International banking regulators’ decision to classify Bitcoin as the riskiest of assets dragged cryptocurrencies further into the mainstream financial world.
It also made it extremely costly for banks to hold digital tokens on their balance sheets, potentially delaying crypto’s wider adoption.
The Basel Committee on Banking Supervision proposed that a 1,250 per cent risk weight be applied to a bank’s exposure to Bitcoin and certain other cryptocurrencies. Bitcoin jumped on the announcement, then erased the gains. It was trading around $36,200 as of 10:30 a.m. in Hong Kong on Friday.
“The only consistency has been the volatility — it’s been big spikes, tons of enthusiasm, followed by big selloffs,” Ross Mayfield, investment strategy analyst at Robert W. Baird & Co., said of Bitcoin’s moves. “If you believe in it you’re probably to stomach the volatility, but if you’re just in it because it seems like the hot way to get a quick buck, that volatility is going to be hard to deal with.”
The ruling sparked a bevy of reactions across Wall Street and other financial centers worldwide. Here’s a sampling:
Luke Sully, CEO at treasury technology specialist Ledgermatic:
“It’s a piece of news that both advocates and critics of Bitcoin will declare as a win. It demonstrates that Bitcoin is now a recognized asset class with risk management parameters for the banks, but these same parameters could be a potential deterrent given the onerous capital requirements that may make it an unpalatable business,” he said. “There are a few underlying assumptions in this risk weighting, the most obvious being that the price may go to zero and investors could lose their full allocation. The capital requirements don’t protect the banks clients from transaction, settlement and FX volatility either.”
David Tawil, president of ProChain Capital, a crypto hedge fund:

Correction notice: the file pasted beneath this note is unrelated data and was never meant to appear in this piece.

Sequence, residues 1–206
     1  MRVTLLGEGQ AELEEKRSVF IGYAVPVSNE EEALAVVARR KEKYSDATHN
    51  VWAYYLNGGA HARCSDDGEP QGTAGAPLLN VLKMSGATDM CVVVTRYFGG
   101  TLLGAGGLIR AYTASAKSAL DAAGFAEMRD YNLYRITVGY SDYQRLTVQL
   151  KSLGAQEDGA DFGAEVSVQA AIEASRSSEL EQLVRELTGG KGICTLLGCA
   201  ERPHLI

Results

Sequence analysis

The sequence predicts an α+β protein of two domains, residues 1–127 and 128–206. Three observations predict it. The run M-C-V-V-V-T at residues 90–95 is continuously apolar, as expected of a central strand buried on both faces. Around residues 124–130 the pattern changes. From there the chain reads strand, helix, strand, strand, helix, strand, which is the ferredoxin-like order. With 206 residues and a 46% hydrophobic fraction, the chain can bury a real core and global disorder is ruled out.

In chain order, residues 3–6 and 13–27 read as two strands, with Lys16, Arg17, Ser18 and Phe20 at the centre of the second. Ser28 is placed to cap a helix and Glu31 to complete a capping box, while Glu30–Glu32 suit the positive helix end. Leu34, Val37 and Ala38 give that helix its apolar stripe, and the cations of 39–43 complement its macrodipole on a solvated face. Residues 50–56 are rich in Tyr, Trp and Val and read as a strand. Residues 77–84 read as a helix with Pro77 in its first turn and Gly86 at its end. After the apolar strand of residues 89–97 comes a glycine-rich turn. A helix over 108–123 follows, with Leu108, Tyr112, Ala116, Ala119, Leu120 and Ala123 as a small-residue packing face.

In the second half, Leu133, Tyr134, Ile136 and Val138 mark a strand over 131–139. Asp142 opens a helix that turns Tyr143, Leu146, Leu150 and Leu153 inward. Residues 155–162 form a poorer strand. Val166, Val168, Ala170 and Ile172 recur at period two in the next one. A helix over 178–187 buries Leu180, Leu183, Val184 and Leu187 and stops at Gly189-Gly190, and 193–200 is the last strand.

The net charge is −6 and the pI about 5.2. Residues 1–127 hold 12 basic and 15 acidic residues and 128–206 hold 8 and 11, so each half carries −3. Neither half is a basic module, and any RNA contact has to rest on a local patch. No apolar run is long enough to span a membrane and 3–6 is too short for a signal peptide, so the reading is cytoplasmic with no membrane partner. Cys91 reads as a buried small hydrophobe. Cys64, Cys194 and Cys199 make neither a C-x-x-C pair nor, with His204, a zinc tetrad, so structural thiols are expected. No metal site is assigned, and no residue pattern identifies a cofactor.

To me, this whole thing, along with the IMF, is just a way for those entities to get involved in the conversation. In terms of putting these requirements it’s going to go ahead, and at least for now, take traditional banks that are traditional regulated by these regulatory entities essentially out of this game and that will allow for more and more alternative players, who are not regulated, to go ahead and to pull further ahead,” he said. “A regulator has very little upside and enormous downside — it’s like being a policeman. You want to protect people. So the furthest you can go in terms of lodging measures that stop activity, the better. And so, I think that they are for the first time inserting themselves. This certainly does not mean the end of cryptocurrency, the end of Bitcoin.”
Marc Chandler, chief market strategist at Bannockburn Global Forex:
“I don’t think these things are good or bad themselves — it depends on what the objective is,” he said. “It’s not decentralized, it’s highly concentrated. Crypto was born in an age in which we had very extreme disparities of wealth and income — how can it not reflect that? The bulk of Bitcoin that’s owned by wallets have more than 100 Bitcoins, that’s more than $300,000 — how many Americans have $300,000 to put into crypto as opposed to retirement money?”
Matt Maley, chief market strategist for Miller Tabak + Co.:
“Obviously tougher capital requirements cause banks to have more capital on hand — that can have an impact on their earnings. The committee is saying because of risks involved — cryptocurrencies are very volatile — you have to have more capital on hand to protect against declines,” he said. “If it’s going to cost banks more to hold these cryptocurrencies on their books, they’re theoretically going to be less likely to hold the same kind of size as they otherwise would.”
Wells Fargo analyst Mike Mayo said in a Bloomberg TV interview with Matt Miller:
“It is getting hammered, but you know what? It’s getting treated like any other higher-risk asset like subprime loans, or CDOs, or derivatives, or structured products. And it is a new product. It’s untested through economic cycles. It’s untested through liquidity.”